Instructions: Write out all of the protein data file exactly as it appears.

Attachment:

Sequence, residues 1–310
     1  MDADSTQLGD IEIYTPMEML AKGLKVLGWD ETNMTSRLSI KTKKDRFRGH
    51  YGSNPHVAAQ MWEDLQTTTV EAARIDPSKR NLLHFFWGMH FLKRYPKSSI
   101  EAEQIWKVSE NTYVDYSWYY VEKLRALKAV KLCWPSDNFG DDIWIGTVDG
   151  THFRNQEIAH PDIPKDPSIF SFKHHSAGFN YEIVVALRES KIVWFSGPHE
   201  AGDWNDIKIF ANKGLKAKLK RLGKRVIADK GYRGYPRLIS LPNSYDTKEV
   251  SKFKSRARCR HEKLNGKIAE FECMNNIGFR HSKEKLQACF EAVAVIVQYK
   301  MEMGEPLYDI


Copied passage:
Sequence, residues 1–310
     1  MDADSTQLGD IEIYTPMEML AKGLKVLGWD ETNMTSRLSI KTKKDRFRGH
    51  YGSNPHVAAQ MWEDLQTTTV EAARIDPSKR NLLHFFWGMH FLKRYPKSSI
   101  EAEQIWKVSE NTYVDYSWYY VEKLRALKAV KLCWPSDNFG DDIWIGTVDG
   151  THFRNQEIAH PDIPKDPSIF SFKHHSAGFN YEIVVALRES KIVWFSGPHE
   201  AGDWNDIKIF ANKGLKAKLK RLGKRVIADK GYRGYPRLIS LPNSYDTKEV
   251  SKFKSRARCR HEKLNGKIAE FECMNNIGFR HSKEKLQACF EAVAVIVQYK
   301  MEMGEPLYDI